Tales of asymmetry, dating and always looking on the bright side …..de do de do

Breast Cancer Awareness blog shared on Annabel’s Angels October 2015

To the left, to the left … All the single ladies, all the single ladies…

Yes, I am a fan of Beyoncé, but these lyrics also have a lot more meaning, which I’d like to share with you in my unique take on life as an asymmetrical woman.

So, there was a film on recently, in it a man takes an earth shatteringly beautiful woman home after picking her up in a club. They get back to his room and he confesses, he was umm exaggerating about the size of his body part. She laughs and says, ‘Don’t worry, let’s be real.’ She then takes out her contact lens, then whips off her wig….he gasps…..next come her boobs, he attempts to leave, and I kid you not, followed by her bottom and lastly leg.

I’m not quite sure what was funny in this after all, as hang on just a few years back this could be me.

Breast cancer can have you feeling like the incredible detachable woman

Just 4 years ago my body was in symmetry, my body parts could have lined up two by two, to jump on board Noah’s Ark.  Two eyebrows check, two boobs check……

In May 2012, aged 40 and full of life and mischief, my life was interrupted by a shock diagnosis of an unknown primary tumour that had metastasized (spread to you and I) to my lymph nodes. The next two weeks were largely spent in hospital gowns, having every available test, chemical cocktail and radioactive power being charged through my confused body. Every day I woke up hoping this was a bad dream and put on a brave face to all those I loved After 2 weeks it was confirmed as Breast Cancer.

I would say I was fortunate that I had 5 weeks from my diagnosis until my mastectomy, it gave me time to absorb this information, and actively search images to see what this would mean. I can’t imagine how difficult it would feel to be given a diagnosis on Monday and operated on Wednesday. I needed time to understand just what the heck was happening. So I remain grateful circumstances enabled this (my surgeon being on holiday)

Have you ever seen a mastectomy image? I hadn’t, so I educated myself and told myself, ‘You’re going to need to love this new you, as you might be like it a long time, if not forever’

After being told I had cancer I wasn’t offered immediate reconstruction, not everyone is, it depends on the type of treatment you need afterwards, I had a locally advanced cancer which appeared aggressive so they wanted to whip it off as soon as possible, before blasting me with chemotherapy and radiotherapy. By the way it is annoying when people say, ‘so and so had reconstruction immediately, why haven’t you?’ Or ‘so and so had recon and now has amazing boobs and a flat stomach – yawnnnnn.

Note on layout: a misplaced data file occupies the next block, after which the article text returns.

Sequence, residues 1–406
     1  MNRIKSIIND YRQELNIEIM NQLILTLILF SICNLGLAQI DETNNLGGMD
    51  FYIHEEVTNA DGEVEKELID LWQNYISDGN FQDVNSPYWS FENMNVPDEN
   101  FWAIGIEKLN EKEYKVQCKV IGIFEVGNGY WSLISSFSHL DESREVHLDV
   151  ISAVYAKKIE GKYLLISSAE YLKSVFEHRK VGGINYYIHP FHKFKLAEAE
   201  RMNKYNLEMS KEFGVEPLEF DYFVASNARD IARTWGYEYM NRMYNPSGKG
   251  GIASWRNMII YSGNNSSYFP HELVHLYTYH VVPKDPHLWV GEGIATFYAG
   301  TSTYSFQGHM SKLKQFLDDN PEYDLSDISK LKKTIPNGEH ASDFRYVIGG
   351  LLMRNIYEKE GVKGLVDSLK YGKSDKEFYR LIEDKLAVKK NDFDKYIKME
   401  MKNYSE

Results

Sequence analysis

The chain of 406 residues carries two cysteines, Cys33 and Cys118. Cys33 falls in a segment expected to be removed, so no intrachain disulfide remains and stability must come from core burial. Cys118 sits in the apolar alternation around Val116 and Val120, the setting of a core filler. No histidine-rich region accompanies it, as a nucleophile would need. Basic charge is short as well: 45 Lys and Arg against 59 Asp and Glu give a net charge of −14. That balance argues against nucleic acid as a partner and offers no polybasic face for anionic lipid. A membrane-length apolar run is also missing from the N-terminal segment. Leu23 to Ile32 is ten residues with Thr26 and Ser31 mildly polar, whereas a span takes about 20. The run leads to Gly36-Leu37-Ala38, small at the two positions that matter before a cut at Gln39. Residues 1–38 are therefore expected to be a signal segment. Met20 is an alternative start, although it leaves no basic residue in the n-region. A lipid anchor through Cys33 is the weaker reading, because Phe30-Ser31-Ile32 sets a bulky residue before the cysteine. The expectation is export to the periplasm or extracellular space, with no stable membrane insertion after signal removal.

I had time to prepare and cope with being left asymmetrical, and predictably my humour emerged as a coping strategy. I planned a Bon Voyage Booby Party, where with good friends we celebrated the imminent departure of my left boob, playing snap, match the boobs, eating chocolate nipples. Jelly boobs and all members dressed with fake boobs, the best being the old lady sock boobs that made passers-by imagine we were a Hen Night. For me laughter is the breast cure …

I had a blog 2theleftofme, where I could express my feelings, and a closed Facebook group for my close friends and family, which was usually filled with images, and articles. Many might think my humour tasteless, but it worked for me. We made a playlist….’to the left’ obviously made the list, so did ‘Gone’ – Nsync, ‘Man I feel like a Woman’. Tasteless and tacky yes, but a way of helping me and those closest to me to cope with the shock of what had happened.

You don’t necessary jump up and fully embrace your asymmetrical look, for some women it can take weeks, months or even years to accept and embrace this change. For me, I made it my mission to love my lop-sidedness. I wanted to see the scar as soon as possible, and joked with the surgeon by turning one side I was 7lb lighter. Not sure she found this as amusing – she did make me wear a straight jacket for a while! I jest….

I wanted to accept the new me, and considered without my left breast I could place my hand on the bony landscape where a boob used to exist and feel my heart beating away, it’s kind of comforting. I mulled that it perhaps would make me more vulnerable, and open to love. Hmmm we’ll come back to that.

It’s not easy being asymmetrical, your body wants to compensate for the shift and balance. Dressing is different, you have to change the way your dress so that your prosthesis doesn’t fall out, or appear over the top of your clothing giving away your secret. Initially you have a softie, that you can squeeze into shape and then after your scar settles you graduate to a silicon prosthesis that sits inside your bra and feels like a real breast. It certainly intrigues most people who feel it, it’s like a boob shaped stress ball. A heavy one.

Perks of asymmetry…

  1. You have Go Go Gadget Boobs, I have a different one to swim, a different one in the summer – I’m sure I could have a special one for nights out even with a sequinned nipple if I searched the internet.